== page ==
I've been making things for my upcoming show at the Contemporary Crafts Market (June 11-13 at the Santa Monica Civic) and I realized that I need to make a bunch of earrings. Fast. So I've given in to mass production. Not a lot of mass, but not one off's either.
I always try to stress to students that if you're using a commercial tool, you want to think of a way to make it unique to you. Use more than one texture maker on a single slab of clay, cut a shape with a cookie cutter and then cut it again with another to change the shape... Things like that. And I do it myself. But even using cookie cutters in an inventive way can take time. So I came up with the brilliant idea to make my own shape templates. Why did it take me so long to figure out that little shortcut? Doh!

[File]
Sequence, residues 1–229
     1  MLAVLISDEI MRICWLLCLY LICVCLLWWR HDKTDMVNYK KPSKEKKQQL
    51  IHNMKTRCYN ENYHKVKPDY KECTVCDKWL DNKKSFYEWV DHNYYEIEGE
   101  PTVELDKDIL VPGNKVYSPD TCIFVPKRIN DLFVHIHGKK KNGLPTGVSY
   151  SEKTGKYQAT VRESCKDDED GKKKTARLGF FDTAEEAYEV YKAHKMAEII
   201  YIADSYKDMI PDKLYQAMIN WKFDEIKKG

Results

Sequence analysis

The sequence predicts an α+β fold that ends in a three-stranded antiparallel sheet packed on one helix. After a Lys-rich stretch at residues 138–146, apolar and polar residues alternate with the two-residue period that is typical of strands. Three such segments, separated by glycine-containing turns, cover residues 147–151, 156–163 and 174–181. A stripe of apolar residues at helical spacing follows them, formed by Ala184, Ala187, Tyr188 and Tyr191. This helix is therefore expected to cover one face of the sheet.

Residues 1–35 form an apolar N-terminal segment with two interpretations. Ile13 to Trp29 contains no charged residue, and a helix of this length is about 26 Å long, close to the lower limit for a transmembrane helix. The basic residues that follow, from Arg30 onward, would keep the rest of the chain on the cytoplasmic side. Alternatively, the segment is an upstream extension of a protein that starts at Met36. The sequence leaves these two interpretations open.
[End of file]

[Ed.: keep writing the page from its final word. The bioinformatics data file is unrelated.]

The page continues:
I used rubber cement to glue the paper to the copper
This bench pin is great. It raises the height of the pin to what it would be if I were using a jeweler's bench instead of a desk.
I drew three designs that I liked, cut them into manageable sizes and glued them to a piece of 24g copper sheet. Then I pierced out the shape with a jeweler's saw and used them to cut multiple earring pieces.
Fired 'em up, soldered some 20g wire on to 'em, patinated, polished and put 'em together to document for you! I'm very happy! Not quite sure about the little amphora shapes, but I'll put 'em on the table and see if they get any bites. Not sure if any of them deserve to be pendants either, but I'll think on it. Loove them all as earrings. And I got so much done in two days. I might like this production thing after all.